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Maritime Law

Maritime Law

Maritime law, often called admiralty law, is a set of legal rules and practices governing the business of employment and transportation of people and goods over or near navigable waters.

Before discussing the types of activities subject to maritime law and the special remedies available to people who make their living on the seas, it’s important to first consult an attorney to help you understand what conditions must be met to trigger maritime law.

“Navigable waters” is a legal term describing all waters which are capable of transporting people or cargo between the states and other countries. Essentially it means the waterway must be usable as a highway for interstate commerce. Inland lakes that do not connect to an interstate waterway or the open sea would not meet this test. As a matter of law the open sea and waterways used for interstate commerce (such as rivers) are navigable waters.

For an incident to trigger maritime jurisdiction it must satisfy the “nexus test.” To satisfy the “nexus test” the incident must have created a potential hazard to traditional commerce and there must be a sufficient relationship between the incident and traditional maritime activities.

Types of Claims

Maritime law applies to the operation of most any type of vessel, from the largest ocean going cargo vessel, to fishing vessels, to jet skis. It also applies to more than accidents; it also governs employment issues such as wage and labor disputes, sexual and racial harassment, insurance disputes, maritime property damage, loss of cargo, damage to shoreside property by vessels, repairers of vessels, fishing rights, and many other issues. Examples of the types of injuries and accidents maritime law applies to include:

  • Towage – accidents involving towing freighters and other large ships to and from the docks are subject to maritime law.
  • Piers – accidents that occur on a pier are subject to maritime law.
  • Docks – accidents that occur on a dock are subject to maritime law.
  • Canals – accidents that occur in a canal are subject to maritime law.
  • Recreational boating.
  • Seamen – workers injured while on a ship, dock, pier, etc., are covered under maritime law by the Jones Act (see below). In addition, seamen who commit crimes while on a ship are subject to maritime law.
  • Piracy – ship hijacking.
  • Shipyards – historically, the shipyard industry has had the highest rate of on-the-job injuries.
  • Offshore drilling.
  • Shipping accidents.
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People who make their living working on a boat and qualify as “seamen” have special remedies available to them. In 1920, Congress enacted the Maritime Marine Act of 1920, commonly known as the Jones Act. The Jones Act provides substantial benefits to seamen injured at sea.

The Jones Act

Boating accidents injure a variety of people who work on a boat, or ship. For instance, skippers, engineers, deckhands, seamen, galley workers, fishermen, crabbers, on-board seafood processors, ferry workers, and tug & barge hands have rights under maritime law. Oil rig workers, longshoremen and ship repairers have maritime rights. The Jones Act is a federal law that extends the provisions of the Federal Employers’ Liability Act (FELA), a statute that provides remedies for injured workers, in order to provide similar remedies for seamen.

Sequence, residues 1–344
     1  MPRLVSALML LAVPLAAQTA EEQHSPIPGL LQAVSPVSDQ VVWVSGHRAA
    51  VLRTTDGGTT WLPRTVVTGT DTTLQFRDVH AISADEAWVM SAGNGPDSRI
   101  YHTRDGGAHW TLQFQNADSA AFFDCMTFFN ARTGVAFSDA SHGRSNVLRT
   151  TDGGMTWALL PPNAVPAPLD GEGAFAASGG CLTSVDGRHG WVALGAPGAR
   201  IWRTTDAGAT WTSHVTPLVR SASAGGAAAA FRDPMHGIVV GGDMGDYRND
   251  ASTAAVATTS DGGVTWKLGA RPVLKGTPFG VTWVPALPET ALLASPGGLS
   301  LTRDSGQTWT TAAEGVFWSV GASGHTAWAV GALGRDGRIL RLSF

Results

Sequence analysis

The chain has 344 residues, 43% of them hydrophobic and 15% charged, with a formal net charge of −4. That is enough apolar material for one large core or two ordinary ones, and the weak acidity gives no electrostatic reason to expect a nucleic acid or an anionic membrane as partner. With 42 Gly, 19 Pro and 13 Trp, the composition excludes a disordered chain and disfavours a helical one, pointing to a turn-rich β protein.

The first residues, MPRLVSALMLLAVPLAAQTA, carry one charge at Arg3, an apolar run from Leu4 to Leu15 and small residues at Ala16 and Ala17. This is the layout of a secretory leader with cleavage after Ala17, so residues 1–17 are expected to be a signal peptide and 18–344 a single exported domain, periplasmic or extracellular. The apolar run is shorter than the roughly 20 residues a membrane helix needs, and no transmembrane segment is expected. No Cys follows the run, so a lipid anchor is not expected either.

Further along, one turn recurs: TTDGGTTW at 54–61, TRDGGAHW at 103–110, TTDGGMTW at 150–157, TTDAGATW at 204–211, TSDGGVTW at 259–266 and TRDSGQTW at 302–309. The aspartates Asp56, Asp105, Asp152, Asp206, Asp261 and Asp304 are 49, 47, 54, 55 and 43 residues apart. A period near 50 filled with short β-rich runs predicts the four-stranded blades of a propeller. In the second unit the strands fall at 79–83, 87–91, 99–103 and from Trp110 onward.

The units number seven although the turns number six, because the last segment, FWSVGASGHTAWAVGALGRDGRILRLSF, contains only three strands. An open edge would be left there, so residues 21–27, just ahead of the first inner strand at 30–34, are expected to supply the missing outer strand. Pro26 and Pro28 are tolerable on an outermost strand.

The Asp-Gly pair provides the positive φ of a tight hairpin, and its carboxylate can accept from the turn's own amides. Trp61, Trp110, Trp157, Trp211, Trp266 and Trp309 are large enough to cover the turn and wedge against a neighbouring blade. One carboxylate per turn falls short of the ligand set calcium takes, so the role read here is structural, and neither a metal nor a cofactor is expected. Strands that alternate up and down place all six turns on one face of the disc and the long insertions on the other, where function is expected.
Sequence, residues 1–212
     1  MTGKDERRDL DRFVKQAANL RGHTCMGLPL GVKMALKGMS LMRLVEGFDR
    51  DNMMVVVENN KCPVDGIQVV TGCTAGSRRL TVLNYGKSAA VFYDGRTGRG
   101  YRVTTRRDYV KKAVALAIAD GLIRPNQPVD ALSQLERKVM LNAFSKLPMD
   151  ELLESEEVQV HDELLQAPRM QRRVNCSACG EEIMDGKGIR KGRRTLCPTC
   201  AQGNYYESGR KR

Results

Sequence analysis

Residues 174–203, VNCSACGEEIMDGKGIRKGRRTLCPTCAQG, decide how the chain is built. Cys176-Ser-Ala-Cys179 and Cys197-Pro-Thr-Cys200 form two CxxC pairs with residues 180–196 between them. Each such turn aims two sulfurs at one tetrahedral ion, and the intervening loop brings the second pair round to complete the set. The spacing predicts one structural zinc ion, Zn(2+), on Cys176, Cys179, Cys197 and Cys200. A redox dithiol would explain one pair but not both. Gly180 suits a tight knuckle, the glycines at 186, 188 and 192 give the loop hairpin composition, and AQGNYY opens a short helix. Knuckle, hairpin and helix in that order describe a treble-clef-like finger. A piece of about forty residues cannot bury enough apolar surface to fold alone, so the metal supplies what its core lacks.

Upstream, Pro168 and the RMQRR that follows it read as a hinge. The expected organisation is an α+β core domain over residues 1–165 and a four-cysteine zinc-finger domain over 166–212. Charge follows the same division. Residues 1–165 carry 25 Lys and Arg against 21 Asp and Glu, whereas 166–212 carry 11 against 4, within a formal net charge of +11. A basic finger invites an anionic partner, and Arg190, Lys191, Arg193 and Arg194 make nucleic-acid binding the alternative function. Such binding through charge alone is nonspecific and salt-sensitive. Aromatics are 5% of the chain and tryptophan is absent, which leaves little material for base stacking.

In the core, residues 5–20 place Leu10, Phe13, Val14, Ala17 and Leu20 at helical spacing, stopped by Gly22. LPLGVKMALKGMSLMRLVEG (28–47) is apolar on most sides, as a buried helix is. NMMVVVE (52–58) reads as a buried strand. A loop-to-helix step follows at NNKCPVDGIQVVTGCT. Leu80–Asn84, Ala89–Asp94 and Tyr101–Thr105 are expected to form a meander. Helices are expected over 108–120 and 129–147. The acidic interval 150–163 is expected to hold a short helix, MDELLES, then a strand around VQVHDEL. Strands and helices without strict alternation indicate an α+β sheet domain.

If an injured crew member can prove even the slightest negligence by the employer, then the injured worker may recover monetary award for pain, suffering and disability, and future medical benefits. To learn more about The Jones Act, read our article “The Jones Act.”

Death on the High Seas Act (DOSHA)

When a seaman dies as a result of an employer’s negligence or because of an unseaworthy vessel, the worker’s family may file for benefits under the Death on the High Seas Act (DOHSA). The incident must occur on the high seas beyond a marine league (three miles) from the shore of any state, the District of Columbia, or U.S. territory or dependency. The decedent’s wife, husband, parent, child or dependent relative may file a claim under the Act.

A plaintiff usually receives damages for pecuniary loss caused by the loss of the deceased seaman’s services. A DOHSA suit must commence within three years of the date of the seaman’s death.


Maritime, or admiralty law, is federal law that differs significantly from the state laws governing personal injury claims. For injured seaman, claims under the Jones Act are not the same as typical workers’ compensation claims. If you are victim of any type of maritime accident you may be entitled to significant financial recovery. It’s important to contact an attorney who has experience in maritime litigation.

DISCLAIMER: This site and any information contained herein are intended for informational purposes only and should not be construed as legal advice. Seek competent legal counsel for advice on any legal matter.